@G. Rodrigues Two things. First, I was going for simple as the OP asked. And second, isn't this formulation deep to you? I find it very deep and satisfying. As the representations of a monoidal category, I feel like monads are much more interesting than the normal definition. Please DON'T shut up. If not for the sake of the OP, then for my sake, please tell me your deeper formulation! I am very interested! I also probably have the necessary background. If you think this forum is inappropriate email me: bryan (dot) bischof (at) gmail (dot) com. I would love to discuss this with you! :D –  BBischof Aug 18 '10 at 23:44
    
@G. Rodrigues, BBischof: As I said in my comment, the link was the best response I recieved to this answer. It gives a mathematical explanation of monads, while avoiding much of the complexities of category theory –  Casebash Aug 19 '10 at 0:16

TheCatsters have short YouTube videos explaining monads, and other parts of category theory: http://www.youtube.com/user/TheCatsters

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Let $C$ be a category. Then a monad based at $C$ is a monoid in the strict monoidal category

$$\mathcal{End}(C)=\mathcal{Hom}_{Cat}(C,C),$$

where the natural monoidal product is given by composition of endofunctors, and the monoidal unit is the identity functor.

A monoid in a monoidal category is defined here.

If you need more explanation, just give me a call.

Notation: The category of functors $C\to D$ is also written as $Fun(C,D)$, but this notation is nonstandard. The standard notations are $\mathcal{Hom}_{Cat}(C,D)$ or simply $Cat(C,D)$.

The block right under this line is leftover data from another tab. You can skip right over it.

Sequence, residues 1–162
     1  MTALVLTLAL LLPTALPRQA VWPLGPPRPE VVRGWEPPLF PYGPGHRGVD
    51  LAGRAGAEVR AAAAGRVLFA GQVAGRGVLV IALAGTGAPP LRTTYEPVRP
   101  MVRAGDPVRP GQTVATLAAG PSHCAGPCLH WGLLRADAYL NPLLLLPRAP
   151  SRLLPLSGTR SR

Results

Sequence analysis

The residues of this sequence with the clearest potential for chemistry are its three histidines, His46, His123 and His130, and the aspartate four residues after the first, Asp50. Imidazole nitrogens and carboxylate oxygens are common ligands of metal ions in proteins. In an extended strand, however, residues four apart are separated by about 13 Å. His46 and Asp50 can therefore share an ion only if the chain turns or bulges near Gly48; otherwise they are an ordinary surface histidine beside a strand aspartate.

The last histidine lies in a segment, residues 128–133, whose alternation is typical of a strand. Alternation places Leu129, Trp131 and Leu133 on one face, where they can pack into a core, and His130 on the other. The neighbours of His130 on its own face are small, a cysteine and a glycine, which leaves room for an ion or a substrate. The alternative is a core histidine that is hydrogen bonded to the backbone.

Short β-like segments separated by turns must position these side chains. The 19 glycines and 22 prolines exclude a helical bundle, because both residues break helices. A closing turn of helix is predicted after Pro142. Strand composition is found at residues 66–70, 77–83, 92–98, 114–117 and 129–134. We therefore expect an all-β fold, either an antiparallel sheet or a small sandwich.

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(Sorry for the LaTeX, the symbols \mapsto and \{ and \} don't work.)

Monads in Haskell and monads in category theory are very much the same: A monad consists of a functor $T: C \to C$ and two natural transformations $\eta_X : X \to T(X)$ (return in Haskell) and $\mu_X : T(T(X)) \to T(X)$ (join in Haskell) subject to the following laws

$\mu_X \circ T(\eta_X) = \mu_X \circ \eta_{T(X)} = 1_{T(X)}$ (left and right unit laws)

$\mu_X \circ \mu_{T(X)} = \mu_X \circ T(\mu_X)$ (associativity)

So, compared to Haskell, the monad is defined in terms of return, join and fmap instead of return and (>>=). For more details on this, see also the Haskell wikibook.

Two examples may illuminate this definition.

The powerset functor

  • $\mathcal{P} = X \mapsto \mathcal{P}(X)$ maps a set to the set of its subsets.
  • Functions $f:X \to Y$ are extended point-wise to $\mathcal{P}(f):\mathcal{P}(X) \to \mathcal{P}(Y)$
  • $\eta_X : X \to \mathcal{P}(X)$ is the function $x \mapsto {x}$
  • $\mu_X : \mathcal{P}(\mathcal{P}(X)) \to \mathcal{P}(X)$ flattens the inner layer of subsets: $\mu_X(A) = { b | a \in A, b \in a }$.
  • In Haskell, this is known as the list monad.

The closure operation on the subsets of a topological space $S$ is a monad, too.

  • The objects of the category $C$ are the subsets of a given topological space $S$.
  • There is an unique arrow $X \to Y$ between to objects $X$ and $Y$ exactly when $X \subseteq Y$.
  • The monad is given by the functor that maps each object $X$ to its topological closure $\bar X$ and the arrow $X \subseteq Y$ to the arrow $\bar{X}\subseteq \bar{Y}$.
  • Clearly, we have $X \subseteq \bar X$; this is $\eta_X$.
  • Also, we know that $\bar{\bar X} = \bar X$, in particular $\bar{\bar X} \subseteq \bar X$; this is $\mu_X$.